Tuesday May 8 2007 10:14 IST
M S Ananth
The power of Parliament to amend the Constitution, specifically with reference to provisions relating to fundamental rights, has been under scrutiny since 1951. The amending power of Parliament was considered essentially plenary, as ‘law’ in Article 13 was held to be only legislated law and not constitutional amendment acts. The amending power was significantly restricted in I C Golak Nath (1967), where the amending power was held to be limited to the extent of fundamental rights and ‘law’ was held to include constitutional amendment acts. This ratio was reversed in Kesavananda Bharti (1973) where Parliament’s amending power was held to be limited to the Constitution’s basic structure.
Consequently, the power to amend the Constitution through entries in the IX Schedule would have to satisfy the test of ‘basic structure’ and it was the scope of this test, which was decided by the apex court in I R Coelho earlier this year. This judgment has caused much consternation among political parties and evoked a most remarkable response — a demand for a new constitution.
The apex court has held in this judgment that the extent of immunity provided by Article 31B read with IX Schedule would be subject to fundamental rights that form part of the basic structure. Therefore, challenges on the ground that insertion is not a mere violation of a fundamental right but a violation of the basic structure, would succeed.
Parliament is constituted by duly elected persons. However, given the fact that our politicians are given to ‘impulses of majority’ and ‘temporary excitement and popular caprice or passion’ it would not be prudent to make the Constitution a prisoner of such whims and fancies. Fundamental rights are rights which the Constitution declares as fundamental and not what ‘Parliament regards, at a given moment conducive to the public benefit’.
The Constitution balances fundamental rights and directive principles to ensure that the dream of equality aspired for by a large majority of Indians does indeed become a reality and does not remain a dream. The 42nd Amendment Act, which sought to give precedence to directive principles over fundamental rights, was held to be unconstitutional (Minerva Mills), as the amendment disturbed the balance between fundamental rights and directive principles. Directive principles serve as a beacon to governments to ensure that goals and aspirations of the citizens are achieved and fundamental rights ensure that the means of achieving them are not compromised. The founding fathers of the Constitution had high aspirations for future generations as can be evinced from the Constituent Assembly debates. Consequently, civil liberties and their enforceability were placed on a higher pedestal and were rightly placed as fundamental rights in the Constitution.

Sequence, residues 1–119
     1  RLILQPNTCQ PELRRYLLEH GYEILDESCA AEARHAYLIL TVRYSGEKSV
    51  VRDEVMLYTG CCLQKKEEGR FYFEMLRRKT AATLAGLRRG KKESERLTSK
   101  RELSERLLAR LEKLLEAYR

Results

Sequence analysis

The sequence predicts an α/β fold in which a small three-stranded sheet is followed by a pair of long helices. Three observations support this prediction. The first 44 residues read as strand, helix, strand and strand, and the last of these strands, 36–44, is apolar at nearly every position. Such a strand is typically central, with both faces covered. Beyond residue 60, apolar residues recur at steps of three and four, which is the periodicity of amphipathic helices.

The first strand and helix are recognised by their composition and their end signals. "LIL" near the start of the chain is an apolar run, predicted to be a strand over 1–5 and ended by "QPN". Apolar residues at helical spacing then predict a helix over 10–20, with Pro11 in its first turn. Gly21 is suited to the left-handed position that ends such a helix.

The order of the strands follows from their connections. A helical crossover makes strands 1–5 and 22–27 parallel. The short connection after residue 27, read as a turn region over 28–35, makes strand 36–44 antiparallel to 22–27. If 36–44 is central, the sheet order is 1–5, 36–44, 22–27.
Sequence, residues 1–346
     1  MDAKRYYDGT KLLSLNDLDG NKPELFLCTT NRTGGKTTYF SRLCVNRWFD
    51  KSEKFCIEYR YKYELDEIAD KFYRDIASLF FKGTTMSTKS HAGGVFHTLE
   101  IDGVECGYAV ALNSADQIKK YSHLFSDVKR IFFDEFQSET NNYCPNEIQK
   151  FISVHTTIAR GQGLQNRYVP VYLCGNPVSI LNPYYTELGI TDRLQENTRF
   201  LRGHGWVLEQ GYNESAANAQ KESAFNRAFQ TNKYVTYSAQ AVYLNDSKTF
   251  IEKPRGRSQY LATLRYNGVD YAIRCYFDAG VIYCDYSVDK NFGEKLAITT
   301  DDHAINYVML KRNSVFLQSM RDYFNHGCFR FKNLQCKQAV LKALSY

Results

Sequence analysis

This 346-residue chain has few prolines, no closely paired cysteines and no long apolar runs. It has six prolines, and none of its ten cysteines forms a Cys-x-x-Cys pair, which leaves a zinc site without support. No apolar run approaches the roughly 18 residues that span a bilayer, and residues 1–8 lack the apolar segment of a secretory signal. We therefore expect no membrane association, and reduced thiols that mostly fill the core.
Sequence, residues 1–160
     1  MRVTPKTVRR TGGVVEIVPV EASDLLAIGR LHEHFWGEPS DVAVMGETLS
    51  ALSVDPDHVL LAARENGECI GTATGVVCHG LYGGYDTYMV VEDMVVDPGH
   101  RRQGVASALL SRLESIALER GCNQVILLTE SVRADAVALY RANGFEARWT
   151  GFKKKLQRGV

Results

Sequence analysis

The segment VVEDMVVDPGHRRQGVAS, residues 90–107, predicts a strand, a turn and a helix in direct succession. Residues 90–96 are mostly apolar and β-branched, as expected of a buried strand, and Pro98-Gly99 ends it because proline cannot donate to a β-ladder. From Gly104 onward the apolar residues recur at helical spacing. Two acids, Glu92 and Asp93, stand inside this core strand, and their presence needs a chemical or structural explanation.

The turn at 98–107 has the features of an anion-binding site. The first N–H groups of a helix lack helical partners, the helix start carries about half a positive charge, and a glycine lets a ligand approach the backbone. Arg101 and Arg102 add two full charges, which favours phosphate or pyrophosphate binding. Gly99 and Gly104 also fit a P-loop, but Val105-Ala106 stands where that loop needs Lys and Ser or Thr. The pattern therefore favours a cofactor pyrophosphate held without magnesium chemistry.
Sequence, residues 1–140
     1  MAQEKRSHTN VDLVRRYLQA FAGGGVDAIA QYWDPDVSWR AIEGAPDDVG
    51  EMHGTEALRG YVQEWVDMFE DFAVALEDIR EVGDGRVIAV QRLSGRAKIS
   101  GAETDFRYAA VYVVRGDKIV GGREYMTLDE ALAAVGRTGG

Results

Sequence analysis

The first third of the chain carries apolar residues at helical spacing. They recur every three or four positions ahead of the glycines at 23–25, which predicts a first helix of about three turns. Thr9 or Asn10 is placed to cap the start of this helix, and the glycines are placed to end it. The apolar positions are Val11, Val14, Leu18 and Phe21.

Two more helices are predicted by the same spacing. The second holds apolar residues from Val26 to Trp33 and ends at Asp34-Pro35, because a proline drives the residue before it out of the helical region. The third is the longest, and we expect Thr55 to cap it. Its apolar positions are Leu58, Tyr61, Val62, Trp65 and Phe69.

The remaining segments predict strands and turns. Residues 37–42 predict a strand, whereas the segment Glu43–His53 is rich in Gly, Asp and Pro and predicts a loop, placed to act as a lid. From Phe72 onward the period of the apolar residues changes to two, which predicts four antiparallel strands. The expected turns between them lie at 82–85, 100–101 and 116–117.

The founding fathers were also well aware of prevalent inequalities and the unequal distribution of wealth among them and the need to address the same. These factors have also weighed with judges and have been cogently brought out, when interpreting the relevant provisions of the Constitution. When a citizen is aggrieved by an amendment to the Constitution, made by persons he voted to power, the Constitution guarantees him the right to move the Court to redress his grievance. The Court is bound to address the grievance of the citizen by interpreting the Constitution.
In the ultimate analysis, in coming to a conclusion about whether the people have failed the Constitution or the Constitution has failed the people, the prophetic warning given by Dr Rajendra Prasad in his concluding speech, on the day of adoption of our Constitution on November 26, 1949, should be kept in mind: “If the people who are elected are capable, and men of character and integrity, they would be able to make the best even of a defective Constitution. If they are lacking in these, the Constitution cannot help the country. After all, the Constitution, like a machine, is a lifeless thing. It acquired life because of the men who control and operate it, and India needs today nothing more than a set of honest men who will have the interest of the country before them.”
The writer is a Delhi-based advocate
The New Indian Express